"Looking at the competition, perhaps the launch line-up was not as strong as they'd have liked it to be," Ryan acknowledged to me, while predictably talking up his own first-party selection as: "Comfortably the strongest line-up we've had for any platform launch."
He may well be right - and, to my eyes, it's looking an awful lot more appealing than 3DS did on day one as a result.
Sony has got a lot of things right with Vita that it got wrong with PSP: adding twin analogue controllers, for instance, the lack of which in the previous model effectively condemned it from birth to being the portable PlayStation that couldn't play PlayStation games properly.
Crucially, it's also learned that it's not enough simply to say, "Look! It's a baby PS3 with its own teeny-tiny screen! Aren't we clever?!" And so considerable noise is being made, quite rightly, about the console's full suite of features: front and rear touch, augmented reality, social connectivity and so on.
In short, Sony is demonstrating that there is a specific and unique gaming point to Vita - best exemplified right now perhaps by LittleBigPlanet, which may well have found its natural home on the handheld.
Which is all good, encouraging stuff. But demonstrating gaming value is one thing, demonstrating value to gamers - and, therefore, a reason to buy one - is quite another. And that's why Ryan's remark that game pricing will be "more tailored" is critical to Vita's long-term chances.
I agree with him that, for visibly high-production and hopefully high-content games like Uncharted, Sony will be able to continue demanding "historic console type price points", as he puts it.
But in the age of the 69p app, games publishers can no longer lazily assume their audiences will perceive 35 quid as a fair deal for all handheld games across the board.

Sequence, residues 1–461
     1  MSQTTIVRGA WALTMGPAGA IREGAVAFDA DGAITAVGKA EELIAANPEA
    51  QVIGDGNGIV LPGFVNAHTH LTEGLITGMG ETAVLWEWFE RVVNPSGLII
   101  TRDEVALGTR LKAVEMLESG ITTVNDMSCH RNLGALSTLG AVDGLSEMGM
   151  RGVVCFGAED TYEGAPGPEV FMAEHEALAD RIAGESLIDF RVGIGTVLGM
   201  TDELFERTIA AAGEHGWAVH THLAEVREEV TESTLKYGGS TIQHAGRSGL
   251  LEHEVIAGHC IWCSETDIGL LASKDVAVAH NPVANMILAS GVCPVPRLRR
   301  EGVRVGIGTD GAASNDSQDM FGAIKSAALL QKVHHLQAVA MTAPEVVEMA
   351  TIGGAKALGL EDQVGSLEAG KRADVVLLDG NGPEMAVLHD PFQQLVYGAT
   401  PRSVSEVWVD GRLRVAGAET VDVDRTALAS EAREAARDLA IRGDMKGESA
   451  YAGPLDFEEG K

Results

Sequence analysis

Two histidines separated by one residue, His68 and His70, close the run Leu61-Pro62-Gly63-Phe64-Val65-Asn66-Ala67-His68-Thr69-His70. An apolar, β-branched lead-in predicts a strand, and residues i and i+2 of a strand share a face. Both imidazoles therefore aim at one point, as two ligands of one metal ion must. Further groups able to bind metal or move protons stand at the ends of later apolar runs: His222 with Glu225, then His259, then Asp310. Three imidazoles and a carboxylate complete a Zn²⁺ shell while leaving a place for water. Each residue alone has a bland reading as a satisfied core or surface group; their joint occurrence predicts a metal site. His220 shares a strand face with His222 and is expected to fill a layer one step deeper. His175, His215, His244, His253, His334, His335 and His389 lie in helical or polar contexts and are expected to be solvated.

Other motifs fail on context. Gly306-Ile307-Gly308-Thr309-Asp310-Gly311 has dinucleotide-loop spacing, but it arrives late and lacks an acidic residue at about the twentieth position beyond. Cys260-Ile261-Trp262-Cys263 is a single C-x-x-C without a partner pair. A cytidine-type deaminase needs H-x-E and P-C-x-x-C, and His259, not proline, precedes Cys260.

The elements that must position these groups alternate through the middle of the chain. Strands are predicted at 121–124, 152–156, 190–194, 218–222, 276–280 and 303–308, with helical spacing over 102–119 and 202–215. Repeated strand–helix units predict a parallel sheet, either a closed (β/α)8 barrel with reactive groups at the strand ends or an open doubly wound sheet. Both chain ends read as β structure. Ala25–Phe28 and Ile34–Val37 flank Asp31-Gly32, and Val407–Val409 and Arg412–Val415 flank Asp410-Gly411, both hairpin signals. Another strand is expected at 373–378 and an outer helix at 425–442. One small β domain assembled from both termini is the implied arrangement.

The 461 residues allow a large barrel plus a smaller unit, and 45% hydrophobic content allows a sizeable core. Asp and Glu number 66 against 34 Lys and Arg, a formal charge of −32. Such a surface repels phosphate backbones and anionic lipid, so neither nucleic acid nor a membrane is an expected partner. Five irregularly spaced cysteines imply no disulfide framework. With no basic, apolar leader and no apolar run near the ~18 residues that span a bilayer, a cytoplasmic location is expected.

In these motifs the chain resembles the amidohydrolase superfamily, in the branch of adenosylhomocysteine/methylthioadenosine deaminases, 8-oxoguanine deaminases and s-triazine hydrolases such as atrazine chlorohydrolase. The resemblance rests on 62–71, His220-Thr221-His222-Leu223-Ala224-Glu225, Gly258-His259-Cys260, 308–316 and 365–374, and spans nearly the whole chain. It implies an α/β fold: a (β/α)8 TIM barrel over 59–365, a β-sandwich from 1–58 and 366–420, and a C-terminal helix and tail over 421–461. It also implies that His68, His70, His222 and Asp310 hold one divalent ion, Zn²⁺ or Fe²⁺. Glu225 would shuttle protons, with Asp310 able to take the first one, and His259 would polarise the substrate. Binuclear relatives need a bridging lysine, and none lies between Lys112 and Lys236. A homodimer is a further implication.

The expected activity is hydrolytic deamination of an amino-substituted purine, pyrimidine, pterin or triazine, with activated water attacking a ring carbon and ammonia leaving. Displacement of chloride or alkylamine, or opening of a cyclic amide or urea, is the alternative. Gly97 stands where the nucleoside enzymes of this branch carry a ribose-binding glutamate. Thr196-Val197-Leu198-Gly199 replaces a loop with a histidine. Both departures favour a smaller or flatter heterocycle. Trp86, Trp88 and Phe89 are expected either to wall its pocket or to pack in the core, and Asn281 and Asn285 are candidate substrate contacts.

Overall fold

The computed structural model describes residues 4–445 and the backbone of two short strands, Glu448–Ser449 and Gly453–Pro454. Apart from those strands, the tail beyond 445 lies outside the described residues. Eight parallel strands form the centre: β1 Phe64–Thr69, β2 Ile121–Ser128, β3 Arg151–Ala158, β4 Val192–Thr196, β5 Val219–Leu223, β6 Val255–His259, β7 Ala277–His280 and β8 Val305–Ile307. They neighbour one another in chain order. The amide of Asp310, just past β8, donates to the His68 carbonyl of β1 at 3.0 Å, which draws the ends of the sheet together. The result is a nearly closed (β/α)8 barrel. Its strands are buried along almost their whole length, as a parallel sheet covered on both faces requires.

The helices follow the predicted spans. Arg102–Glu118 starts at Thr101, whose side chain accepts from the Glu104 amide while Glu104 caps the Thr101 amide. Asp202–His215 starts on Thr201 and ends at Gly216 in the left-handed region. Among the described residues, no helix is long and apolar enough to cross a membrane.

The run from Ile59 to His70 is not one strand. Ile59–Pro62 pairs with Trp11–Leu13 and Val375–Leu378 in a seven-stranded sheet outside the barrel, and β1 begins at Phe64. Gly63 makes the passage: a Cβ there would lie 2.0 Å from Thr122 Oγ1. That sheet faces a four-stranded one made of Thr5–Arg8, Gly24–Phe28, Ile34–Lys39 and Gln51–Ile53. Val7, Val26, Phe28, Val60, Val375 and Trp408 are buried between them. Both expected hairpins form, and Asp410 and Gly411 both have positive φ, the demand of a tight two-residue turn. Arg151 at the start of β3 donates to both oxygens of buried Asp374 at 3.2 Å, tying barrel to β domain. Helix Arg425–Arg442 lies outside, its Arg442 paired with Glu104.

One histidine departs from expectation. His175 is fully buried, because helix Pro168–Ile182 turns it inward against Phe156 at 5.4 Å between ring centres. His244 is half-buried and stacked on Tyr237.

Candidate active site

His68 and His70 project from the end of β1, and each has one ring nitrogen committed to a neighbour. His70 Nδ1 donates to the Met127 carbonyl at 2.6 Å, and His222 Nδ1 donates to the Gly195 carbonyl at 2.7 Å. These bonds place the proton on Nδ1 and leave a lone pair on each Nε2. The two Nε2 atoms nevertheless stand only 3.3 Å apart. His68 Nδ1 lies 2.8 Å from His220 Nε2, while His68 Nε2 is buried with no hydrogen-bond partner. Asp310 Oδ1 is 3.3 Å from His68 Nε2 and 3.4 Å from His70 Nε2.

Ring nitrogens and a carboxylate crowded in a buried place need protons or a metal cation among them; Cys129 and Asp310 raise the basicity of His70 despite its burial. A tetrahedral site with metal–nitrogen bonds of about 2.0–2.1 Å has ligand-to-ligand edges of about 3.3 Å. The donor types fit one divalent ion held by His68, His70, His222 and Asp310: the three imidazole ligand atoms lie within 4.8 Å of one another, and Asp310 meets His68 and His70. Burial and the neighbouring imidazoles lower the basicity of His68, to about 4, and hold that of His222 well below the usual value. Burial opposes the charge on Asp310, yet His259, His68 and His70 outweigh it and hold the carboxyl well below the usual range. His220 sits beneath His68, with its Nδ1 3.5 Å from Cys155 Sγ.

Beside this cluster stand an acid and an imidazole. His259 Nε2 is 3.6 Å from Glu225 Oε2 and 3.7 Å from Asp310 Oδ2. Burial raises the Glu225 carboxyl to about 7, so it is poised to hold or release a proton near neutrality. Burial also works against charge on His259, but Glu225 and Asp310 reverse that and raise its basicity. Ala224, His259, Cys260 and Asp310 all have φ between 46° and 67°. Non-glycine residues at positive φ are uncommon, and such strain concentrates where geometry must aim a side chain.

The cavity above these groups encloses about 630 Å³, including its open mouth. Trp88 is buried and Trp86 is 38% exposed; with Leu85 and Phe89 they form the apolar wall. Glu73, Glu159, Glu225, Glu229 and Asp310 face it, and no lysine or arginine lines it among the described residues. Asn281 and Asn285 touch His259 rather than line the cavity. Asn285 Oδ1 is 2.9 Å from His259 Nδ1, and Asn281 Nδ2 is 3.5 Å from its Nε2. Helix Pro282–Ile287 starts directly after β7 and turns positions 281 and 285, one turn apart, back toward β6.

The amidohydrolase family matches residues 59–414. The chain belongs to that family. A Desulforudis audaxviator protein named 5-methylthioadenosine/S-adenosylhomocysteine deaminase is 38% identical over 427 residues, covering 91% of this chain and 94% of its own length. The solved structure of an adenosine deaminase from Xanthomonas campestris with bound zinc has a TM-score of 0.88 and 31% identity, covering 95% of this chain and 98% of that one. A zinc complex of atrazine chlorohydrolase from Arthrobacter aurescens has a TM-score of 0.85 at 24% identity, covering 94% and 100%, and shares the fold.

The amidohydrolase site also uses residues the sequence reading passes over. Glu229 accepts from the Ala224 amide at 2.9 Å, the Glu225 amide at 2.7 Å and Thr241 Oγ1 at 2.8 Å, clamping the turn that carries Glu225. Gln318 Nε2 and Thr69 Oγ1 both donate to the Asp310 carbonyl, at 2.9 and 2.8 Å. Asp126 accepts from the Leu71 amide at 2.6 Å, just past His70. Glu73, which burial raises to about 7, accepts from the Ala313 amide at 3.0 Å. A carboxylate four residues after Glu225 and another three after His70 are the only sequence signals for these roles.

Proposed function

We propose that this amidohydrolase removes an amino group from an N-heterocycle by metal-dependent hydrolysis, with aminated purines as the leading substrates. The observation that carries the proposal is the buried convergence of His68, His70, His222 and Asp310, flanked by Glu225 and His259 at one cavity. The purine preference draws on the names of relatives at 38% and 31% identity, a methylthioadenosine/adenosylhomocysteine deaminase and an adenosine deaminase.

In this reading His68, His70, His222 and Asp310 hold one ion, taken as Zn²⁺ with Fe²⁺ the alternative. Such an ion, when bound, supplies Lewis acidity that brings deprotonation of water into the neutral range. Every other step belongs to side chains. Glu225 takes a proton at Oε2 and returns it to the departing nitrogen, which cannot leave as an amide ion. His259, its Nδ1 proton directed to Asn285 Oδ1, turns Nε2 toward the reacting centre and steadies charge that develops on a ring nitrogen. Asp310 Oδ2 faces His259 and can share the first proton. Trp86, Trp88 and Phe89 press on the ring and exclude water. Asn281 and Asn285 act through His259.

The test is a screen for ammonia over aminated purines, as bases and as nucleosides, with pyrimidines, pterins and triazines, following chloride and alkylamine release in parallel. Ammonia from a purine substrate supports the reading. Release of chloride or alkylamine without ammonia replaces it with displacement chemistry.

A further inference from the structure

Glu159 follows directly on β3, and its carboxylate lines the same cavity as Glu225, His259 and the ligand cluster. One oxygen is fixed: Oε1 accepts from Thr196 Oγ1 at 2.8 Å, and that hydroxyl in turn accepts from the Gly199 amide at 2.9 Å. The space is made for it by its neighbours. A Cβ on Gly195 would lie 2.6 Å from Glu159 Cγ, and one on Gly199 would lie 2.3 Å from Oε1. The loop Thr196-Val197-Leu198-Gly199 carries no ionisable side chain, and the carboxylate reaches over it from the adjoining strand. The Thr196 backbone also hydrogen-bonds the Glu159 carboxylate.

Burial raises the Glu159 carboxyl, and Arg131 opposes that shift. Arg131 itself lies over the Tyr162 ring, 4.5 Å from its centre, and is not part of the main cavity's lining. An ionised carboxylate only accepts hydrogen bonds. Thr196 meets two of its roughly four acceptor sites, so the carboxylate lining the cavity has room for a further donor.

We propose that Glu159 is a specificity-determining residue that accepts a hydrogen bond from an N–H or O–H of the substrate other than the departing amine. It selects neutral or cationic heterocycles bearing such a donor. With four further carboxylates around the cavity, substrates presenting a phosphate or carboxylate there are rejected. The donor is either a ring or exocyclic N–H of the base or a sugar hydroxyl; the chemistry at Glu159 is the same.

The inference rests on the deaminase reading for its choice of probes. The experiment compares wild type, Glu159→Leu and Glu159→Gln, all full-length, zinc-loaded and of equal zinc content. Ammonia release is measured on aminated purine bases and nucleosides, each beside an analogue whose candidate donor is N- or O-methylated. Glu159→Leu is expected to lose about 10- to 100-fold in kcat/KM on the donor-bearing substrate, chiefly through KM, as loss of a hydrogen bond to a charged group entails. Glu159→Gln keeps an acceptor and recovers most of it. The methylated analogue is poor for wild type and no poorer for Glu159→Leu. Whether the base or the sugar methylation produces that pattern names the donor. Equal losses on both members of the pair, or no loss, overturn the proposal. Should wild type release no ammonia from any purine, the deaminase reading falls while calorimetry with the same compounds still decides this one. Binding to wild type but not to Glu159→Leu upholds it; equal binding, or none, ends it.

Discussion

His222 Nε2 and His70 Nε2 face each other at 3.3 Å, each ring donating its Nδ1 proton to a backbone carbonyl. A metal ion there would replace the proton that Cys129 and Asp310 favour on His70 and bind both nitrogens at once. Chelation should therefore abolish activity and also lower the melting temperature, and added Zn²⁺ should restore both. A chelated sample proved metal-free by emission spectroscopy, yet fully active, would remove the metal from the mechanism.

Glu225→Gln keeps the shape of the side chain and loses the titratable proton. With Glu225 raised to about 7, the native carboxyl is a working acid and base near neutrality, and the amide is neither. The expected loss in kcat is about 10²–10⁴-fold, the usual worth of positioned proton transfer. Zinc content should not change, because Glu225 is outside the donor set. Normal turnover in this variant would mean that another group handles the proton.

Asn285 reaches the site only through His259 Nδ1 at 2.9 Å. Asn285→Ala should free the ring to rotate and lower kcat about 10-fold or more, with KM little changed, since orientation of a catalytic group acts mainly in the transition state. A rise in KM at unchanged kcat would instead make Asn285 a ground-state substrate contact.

What these price points will be on Vita remains to be seen. But Evolution Studios, for example, which is making MotorStorm RC, a first-party launch title, told me it's lobbying Sony to come in at less than full price for the game - and, importantly, to have a single, universal price for those who want both the Vita and PS3 versions.
And it's also worth noting that, via PlayStation Suite, Vita will also have access to Android games at the other end of the spectrum. Though many will already be enjoying these on their phones, of course.
Ryan is so confident he believes Vita will not just sell-out at launch, but break the UK sales record currently held by PSP. That's fighting talk that could - just as it did for Nintendo earlier in the year - come back to haunt him.
Sony, though, has a track record of loyalists turning out in force to ensure a strong launch. Not only did PSP shift 185,000, PS3 - despite costing a whopping £425 - did 165,000 in its first week.
But a successful launch does not guarantee a successful future, and Sony is well aware of this. With Vita, then, the company seems to be delivering the handheld console gamers will want to play. It just needs to ensure it's also one they are prepared to buy.